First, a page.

If you are looking for an answer to the question What is Artificial Intelligence? and you only have a minute, then here's the definition the Association for the Advancement of Artificial Intelligence offers on its home page: "the scientific understanding of the mechanisms underlying thought and intelligent behavior and their embodiment in machines."
However, if you are fortunate enough to have more than a minute, then please get ready to embark upon an exciting journey exploring AI (but beware, it could last a lifetime) …
In that DiscoveryVest provides data recognition services, we fully appreciate that within the last couple of years, computers have become better at object recognition than humans. We also know that there are many misnomers out there about AI and the effect on human workers. Here's the truth. More AI...
In 2013, James "Jimi" Crawford founded a company called Orbital Insight, barely noticed at the time amid the Silicon Valley froth. Crawford had worked at NASA for 15 years and wrote software for Mars rovers. He left NASA to run engineering for Google Books, and while there he noticed that Elon Musk's SpaceX and other new companies were driving down the cost of building and launching satellites. Crawford saw an opportunity to collect and analyze what he anticipated would be a deluge of images from a surfeit of new satellites that would circle the Earth, taking readings and pictures. Orbital Insight's first product looked at images of cornfields all over the world, analyzing the health of plants to predict yields for traders who bet on future price swings.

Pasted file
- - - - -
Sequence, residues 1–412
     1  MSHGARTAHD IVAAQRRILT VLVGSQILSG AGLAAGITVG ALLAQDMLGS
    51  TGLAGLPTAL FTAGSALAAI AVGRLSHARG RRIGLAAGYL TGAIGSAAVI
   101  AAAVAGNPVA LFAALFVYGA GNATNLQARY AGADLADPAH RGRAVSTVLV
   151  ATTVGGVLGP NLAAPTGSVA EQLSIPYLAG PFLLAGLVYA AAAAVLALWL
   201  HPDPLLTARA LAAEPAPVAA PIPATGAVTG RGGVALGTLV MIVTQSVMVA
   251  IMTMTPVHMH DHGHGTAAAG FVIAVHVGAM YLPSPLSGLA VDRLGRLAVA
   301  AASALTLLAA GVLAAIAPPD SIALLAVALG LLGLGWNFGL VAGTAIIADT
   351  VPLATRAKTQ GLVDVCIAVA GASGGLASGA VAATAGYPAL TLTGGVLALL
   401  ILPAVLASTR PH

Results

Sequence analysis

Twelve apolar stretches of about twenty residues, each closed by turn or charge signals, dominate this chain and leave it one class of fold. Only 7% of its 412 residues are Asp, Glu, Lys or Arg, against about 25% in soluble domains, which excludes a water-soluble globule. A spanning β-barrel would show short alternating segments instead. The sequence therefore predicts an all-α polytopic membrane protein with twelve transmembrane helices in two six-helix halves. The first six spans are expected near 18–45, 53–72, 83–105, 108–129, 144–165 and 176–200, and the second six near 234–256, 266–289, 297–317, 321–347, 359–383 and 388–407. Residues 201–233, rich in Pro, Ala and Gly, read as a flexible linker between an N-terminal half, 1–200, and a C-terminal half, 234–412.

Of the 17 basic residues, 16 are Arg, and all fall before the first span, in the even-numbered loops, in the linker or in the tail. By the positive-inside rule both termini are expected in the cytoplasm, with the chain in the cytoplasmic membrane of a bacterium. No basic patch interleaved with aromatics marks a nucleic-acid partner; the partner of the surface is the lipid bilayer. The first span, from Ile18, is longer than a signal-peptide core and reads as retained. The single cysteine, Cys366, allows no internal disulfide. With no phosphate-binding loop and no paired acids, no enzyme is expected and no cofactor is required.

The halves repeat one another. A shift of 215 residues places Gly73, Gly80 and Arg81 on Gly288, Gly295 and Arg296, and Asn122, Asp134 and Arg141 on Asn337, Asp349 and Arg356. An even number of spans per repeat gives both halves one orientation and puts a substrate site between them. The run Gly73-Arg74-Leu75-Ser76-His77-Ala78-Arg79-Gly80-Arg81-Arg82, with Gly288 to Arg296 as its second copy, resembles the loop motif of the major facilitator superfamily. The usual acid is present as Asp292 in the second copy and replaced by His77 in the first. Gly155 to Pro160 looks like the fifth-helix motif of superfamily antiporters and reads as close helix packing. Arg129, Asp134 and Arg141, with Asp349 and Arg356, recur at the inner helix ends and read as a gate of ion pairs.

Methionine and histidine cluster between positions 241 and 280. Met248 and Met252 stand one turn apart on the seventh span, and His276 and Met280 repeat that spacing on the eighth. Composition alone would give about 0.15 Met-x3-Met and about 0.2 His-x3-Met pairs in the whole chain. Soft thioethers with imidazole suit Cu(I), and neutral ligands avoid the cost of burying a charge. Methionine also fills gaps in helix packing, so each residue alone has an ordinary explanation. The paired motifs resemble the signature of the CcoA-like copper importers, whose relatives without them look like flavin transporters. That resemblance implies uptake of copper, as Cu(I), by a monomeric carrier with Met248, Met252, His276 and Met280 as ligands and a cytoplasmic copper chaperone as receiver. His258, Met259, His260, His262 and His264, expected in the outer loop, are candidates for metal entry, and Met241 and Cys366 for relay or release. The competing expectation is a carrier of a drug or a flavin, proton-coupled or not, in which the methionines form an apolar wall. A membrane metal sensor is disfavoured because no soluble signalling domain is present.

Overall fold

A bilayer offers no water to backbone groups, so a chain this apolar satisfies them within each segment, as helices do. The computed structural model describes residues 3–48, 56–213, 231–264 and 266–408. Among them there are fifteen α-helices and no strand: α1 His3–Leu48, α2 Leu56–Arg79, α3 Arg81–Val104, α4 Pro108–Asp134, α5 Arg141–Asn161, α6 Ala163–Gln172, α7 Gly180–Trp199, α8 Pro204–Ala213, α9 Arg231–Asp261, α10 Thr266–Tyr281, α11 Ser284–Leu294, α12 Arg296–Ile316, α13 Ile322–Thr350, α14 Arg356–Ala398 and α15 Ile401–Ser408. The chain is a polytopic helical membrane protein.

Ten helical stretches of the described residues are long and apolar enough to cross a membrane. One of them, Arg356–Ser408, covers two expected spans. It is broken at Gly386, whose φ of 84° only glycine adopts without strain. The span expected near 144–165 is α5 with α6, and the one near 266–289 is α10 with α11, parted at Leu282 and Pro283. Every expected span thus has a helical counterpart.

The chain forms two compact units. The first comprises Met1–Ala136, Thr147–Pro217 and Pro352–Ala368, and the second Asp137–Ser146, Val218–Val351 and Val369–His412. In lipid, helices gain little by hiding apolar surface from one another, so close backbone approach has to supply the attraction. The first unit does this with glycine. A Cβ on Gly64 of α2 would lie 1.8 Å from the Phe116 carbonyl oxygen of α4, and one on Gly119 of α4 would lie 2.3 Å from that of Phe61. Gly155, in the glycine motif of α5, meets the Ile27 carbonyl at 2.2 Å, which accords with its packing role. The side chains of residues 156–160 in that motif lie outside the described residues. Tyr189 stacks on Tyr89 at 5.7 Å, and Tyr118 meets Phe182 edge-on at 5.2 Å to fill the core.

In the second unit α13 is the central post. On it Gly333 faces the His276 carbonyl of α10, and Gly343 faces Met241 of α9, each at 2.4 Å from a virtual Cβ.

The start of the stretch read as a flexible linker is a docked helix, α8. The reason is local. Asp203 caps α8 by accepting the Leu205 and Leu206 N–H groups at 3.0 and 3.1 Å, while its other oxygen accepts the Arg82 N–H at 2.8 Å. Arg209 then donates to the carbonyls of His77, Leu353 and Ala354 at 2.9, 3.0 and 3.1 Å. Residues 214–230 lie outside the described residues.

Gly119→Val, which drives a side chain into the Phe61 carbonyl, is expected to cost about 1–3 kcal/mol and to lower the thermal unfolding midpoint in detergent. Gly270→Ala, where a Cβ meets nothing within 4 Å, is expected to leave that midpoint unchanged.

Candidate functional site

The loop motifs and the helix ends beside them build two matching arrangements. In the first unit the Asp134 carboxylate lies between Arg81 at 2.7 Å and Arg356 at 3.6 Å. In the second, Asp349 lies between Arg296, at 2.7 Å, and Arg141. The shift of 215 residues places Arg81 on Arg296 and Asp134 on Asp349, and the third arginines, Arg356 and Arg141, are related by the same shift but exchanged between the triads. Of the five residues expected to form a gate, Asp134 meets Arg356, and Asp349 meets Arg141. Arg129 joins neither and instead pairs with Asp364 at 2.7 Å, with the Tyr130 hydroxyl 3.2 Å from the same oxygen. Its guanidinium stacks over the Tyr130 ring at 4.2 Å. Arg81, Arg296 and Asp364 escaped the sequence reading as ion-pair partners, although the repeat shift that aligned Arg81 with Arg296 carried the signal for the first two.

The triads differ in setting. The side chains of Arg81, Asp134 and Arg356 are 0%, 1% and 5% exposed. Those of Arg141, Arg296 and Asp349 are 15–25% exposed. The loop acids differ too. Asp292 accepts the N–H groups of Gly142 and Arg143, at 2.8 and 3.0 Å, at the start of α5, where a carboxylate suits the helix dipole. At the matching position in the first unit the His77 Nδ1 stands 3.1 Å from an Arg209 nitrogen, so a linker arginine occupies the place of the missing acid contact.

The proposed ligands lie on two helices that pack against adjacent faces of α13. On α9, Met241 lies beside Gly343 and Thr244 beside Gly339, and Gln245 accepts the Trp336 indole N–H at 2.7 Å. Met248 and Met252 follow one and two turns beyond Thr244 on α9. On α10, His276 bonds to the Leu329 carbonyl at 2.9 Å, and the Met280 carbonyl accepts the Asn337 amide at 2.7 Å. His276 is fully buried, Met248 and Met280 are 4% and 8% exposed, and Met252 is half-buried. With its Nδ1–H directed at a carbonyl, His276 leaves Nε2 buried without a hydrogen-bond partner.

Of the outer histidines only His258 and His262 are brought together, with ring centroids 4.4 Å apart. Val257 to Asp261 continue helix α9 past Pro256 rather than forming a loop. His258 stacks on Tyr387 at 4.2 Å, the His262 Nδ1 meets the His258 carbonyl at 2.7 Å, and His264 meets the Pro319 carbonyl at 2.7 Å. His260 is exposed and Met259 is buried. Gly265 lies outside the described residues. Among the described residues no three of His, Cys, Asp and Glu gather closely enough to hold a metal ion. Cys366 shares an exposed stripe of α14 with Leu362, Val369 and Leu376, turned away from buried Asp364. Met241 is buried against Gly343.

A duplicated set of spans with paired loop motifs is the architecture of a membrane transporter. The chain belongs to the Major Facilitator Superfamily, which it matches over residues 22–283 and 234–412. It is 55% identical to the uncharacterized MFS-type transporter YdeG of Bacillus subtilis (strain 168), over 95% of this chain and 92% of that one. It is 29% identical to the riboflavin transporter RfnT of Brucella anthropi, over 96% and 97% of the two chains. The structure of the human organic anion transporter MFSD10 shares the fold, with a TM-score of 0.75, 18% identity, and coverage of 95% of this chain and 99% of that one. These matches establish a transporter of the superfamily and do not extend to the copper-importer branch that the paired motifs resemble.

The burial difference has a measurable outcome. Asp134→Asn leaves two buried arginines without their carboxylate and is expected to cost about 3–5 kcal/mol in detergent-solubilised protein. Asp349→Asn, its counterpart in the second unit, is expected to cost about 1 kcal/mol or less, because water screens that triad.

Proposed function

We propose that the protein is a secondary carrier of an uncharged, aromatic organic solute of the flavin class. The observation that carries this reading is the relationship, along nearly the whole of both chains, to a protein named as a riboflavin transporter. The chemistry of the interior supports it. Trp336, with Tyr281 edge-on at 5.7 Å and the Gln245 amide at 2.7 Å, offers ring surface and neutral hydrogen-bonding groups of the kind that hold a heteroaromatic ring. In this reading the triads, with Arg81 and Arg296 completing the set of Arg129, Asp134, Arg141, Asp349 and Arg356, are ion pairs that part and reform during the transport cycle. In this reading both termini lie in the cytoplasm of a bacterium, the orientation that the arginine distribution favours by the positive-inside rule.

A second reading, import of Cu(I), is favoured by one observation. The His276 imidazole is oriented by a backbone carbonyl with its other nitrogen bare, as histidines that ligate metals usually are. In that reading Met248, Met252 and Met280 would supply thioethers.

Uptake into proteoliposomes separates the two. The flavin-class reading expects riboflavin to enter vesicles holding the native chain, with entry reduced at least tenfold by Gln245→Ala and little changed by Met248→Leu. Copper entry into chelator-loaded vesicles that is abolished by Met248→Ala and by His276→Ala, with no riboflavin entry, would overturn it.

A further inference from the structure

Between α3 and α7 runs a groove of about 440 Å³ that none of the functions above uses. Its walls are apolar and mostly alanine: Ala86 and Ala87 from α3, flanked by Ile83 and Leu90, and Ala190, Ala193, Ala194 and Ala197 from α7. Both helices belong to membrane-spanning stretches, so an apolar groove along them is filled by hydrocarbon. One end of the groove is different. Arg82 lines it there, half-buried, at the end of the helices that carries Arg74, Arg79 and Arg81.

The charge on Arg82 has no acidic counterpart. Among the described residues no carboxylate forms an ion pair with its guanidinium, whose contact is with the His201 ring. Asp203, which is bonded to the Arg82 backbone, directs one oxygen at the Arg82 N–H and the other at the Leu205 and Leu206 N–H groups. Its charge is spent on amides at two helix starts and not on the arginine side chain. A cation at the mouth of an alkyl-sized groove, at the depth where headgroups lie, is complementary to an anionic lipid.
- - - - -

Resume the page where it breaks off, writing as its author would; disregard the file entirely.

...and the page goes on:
Focused on applications beyond fighting fraud, this is the second article of a two-part series on the deployment of artificial intelligence in banking. Part 1 of Artificial Intelligence – The New Frontier in Banking discussed how important machine learning has become to financial institutions in the fight against fraud. Artificial Intelligence is poised to revolutionize payments for many of the same reasons it has become so important in other areas of the financial industry. In order to stay current, it's paramount that businesses begin to understand the capabilities of AI. Artificial intelligence applications can conquer the challenge of rewarding loyal customers for their business in ways that are directly relevant to those individuals.
Digitalisation, alternative data sets and enterprise data analytics will be critical in decision making for asset managers seeking high returns in the coming year, according to an outlook for the alternative asset management sector by Indus Valley Partners. Indus Valley, a provider of technology solutions for alternative asset managers, said in a statement that traditional and alternative asset managers will face a number of hurdles in 2018. With pressure growing from investors and regulators, many asset managers will seek new ways to earn high returns through quantitative strategies, alternative data sets and machine learning, it said. Artificial Intelligence and machine learning will become critical in the search for high returns. Blockchain technology will be used in pilot programs to achieve post-trade operational efficiency and for better regulatory compliance, according to the outlook.
Artificial intelligence software gets more sophisticated almost every day. Computers can already beat human experts at chess, stock market predictions, and detecting cancer. Yet most machine learning experts believe we shouldn't hand over complete control to AI-powered robots any time soon. "We don't trust autonomous vehicles yet, despite the fact that they rarely make mistakes, because the cost of error is too high," New York University professor Vasant Dhar, who also founded one of the longest running AI-powered hedge funds, told International Business Times. "It takes a while to learn the machine learning program's style.